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In responding to Mr. LaRoques motion to dismiss Counts 1 through 8, the government has attempted to unilaterally amend the Second Superseding Indictment in an effort to save those counts. The government also essentially argues that, because it included the words of the statute within the Indictment, the Court should allow it to subject Mr. LaRoque to a prosecution even if Counts 1 through 8 fail to state an offense. The governments previous theory of prosecution was that Mr. LaRoque defrauded ECDC and PDC, not by defrauding the boards, but merely by controlling them. Now aware that this theory does not constitute a crime, the government posits a new theory: that Mr. LaRoque did defraud the boards, either in obtaining approval of the contracts or in obtaining authorization to accept the loans in question. However, this new theory was not found by the Grand Jury. Instead, it relies on allegations not found in the Second Superseding Indictment, which are inconsistent with the facts the Grand Jury actually found. The Court should reject the

prosecutions attempt to rely on facts and theories not found by the Grand Jury to support Counts 1 through 8.

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To satisfy the Fifth and Sixth Amendments, the indictment in this case must do more than parrot the language of the statute; it must (1) charge all of the essential elements of a criminal offense and sufficiently apprise the defendant of what he must be prepared to meet so he will not be misled while preparing his defense, (2) protect the defendant against double jeopardy, and (3) be sufficiently specific to ensure that the defendant is prosecuted only on an indictment of a grand jury. 1 Adherence to the language of the indictment is essential because the Fifth Amendment requires that criminal prosecution be limited to the unique allegations of the indictments returned by the grand jury. Hitt, 249 F.3d at 1016. The governments prior theory relied on the Grand Jury finding that the boards would approve any measure presented to them. Trying to save Counts 1 through 8, the government has changed course. It now alleges that Mr. LaRoque defrauded the boards. But the government already convinced the Grand Jury that he controlled these boards to such a point that they would have approved any measure he proposed. The government cannot have it both ways. Moreover, nowhere in the Second Superseding Indictment is the allegation that Mr. LaRoque defrauded the boards in relation to the 2009 contract, cf. Second Superseding Indictment 1-5-110, or in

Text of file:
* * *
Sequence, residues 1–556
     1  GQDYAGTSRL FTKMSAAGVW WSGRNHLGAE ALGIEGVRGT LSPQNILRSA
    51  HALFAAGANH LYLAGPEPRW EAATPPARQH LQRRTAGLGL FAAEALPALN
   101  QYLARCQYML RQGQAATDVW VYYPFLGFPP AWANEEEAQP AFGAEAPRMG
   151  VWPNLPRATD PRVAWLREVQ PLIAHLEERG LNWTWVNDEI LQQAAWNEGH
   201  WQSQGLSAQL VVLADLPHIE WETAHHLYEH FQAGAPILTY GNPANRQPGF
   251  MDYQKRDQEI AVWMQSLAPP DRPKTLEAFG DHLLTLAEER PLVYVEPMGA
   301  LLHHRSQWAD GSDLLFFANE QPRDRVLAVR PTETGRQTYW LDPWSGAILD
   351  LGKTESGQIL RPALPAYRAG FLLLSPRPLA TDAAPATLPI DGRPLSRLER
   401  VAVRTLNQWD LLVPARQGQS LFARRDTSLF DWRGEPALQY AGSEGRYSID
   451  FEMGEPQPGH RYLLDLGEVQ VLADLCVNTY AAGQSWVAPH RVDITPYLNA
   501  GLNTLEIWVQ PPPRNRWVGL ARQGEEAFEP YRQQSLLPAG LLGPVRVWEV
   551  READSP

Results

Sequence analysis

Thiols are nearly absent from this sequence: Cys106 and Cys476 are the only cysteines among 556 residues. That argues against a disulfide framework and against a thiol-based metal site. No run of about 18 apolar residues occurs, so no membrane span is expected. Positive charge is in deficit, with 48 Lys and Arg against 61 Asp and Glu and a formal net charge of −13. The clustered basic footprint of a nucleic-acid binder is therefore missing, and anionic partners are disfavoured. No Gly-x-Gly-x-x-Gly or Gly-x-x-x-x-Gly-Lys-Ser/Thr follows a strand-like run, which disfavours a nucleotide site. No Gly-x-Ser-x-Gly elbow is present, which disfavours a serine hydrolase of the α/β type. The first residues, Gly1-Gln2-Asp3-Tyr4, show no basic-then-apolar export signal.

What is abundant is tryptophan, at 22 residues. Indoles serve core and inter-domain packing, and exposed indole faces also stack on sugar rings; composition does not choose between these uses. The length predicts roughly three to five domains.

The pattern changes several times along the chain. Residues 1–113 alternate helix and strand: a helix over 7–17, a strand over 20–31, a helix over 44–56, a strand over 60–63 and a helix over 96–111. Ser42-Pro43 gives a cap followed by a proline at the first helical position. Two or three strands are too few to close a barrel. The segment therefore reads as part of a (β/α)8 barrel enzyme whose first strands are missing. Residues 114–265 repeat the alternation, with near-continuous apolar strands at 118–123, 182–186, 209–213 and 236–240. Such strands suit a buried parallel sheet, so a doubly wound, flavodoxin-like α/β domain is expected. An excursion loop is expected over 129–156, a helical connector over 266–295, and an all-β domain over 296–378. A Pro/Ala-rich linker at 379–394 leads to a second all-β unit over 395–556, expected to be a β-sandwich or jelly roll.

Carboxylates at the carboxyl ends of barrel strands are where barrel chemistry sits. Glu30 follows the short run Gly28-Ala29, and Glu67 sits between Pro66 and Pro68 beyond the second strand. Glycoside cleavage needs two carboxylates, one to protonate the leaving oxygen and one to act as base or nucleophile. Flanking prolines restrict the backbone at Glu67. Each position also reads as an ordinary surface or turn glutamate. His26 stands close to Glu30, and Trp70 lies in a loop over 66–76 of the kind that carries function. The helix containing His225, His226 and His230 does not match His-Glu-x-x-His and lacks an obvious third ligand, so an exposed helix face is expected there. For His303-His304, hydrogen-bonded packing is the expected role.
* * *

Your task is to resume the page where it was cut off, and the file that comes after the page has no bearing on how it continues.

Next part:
See U.S. Const. amend. VI (In all criminal prosecutions, the accused shall enjoy the right . . . to be informed of the nature and cause of the accusation[.]); U.S. Const. amend. V (No person shall be held to answer for a capital, or otherwise infamous crime, unless on a presentment or indictment of a grand jury, nor shall any person be subject for the same offense to be twice put in jeopardy of life or limb.); Russell v. United States, 369 U.S. 749, 770 (1962); United States v. Hayes, 775 F.2d 1279, 1282 (4th Cir. 1985); United States v. Brandon, 298 F.3d 307, 310 (4th Cir. 2002) (When the words of a statute are used to describe the offense generally, they must be accompanied with such a statement of the facts and circumstances as will inform the accused of the specific offense, coming under the general description, with which he is charged. (quoting Hamling v. United States, 418 U.S. 87, 117-118 (1974)). United States v. Haas, 583 F.2d 216 (5th Cir.), rehg denied, 558 F.2d 829, cert. denied, 440 U.S. 981 (1978) (minimal constitutional standards for an indictment require that the defendant be called to answer charges actually brought by the grand jury and not a prosecutors interpretation of those charges, that the defendant be apprised of the charge against him in order to permit preparation of a defense, and that he be protected against double jeopardy). 2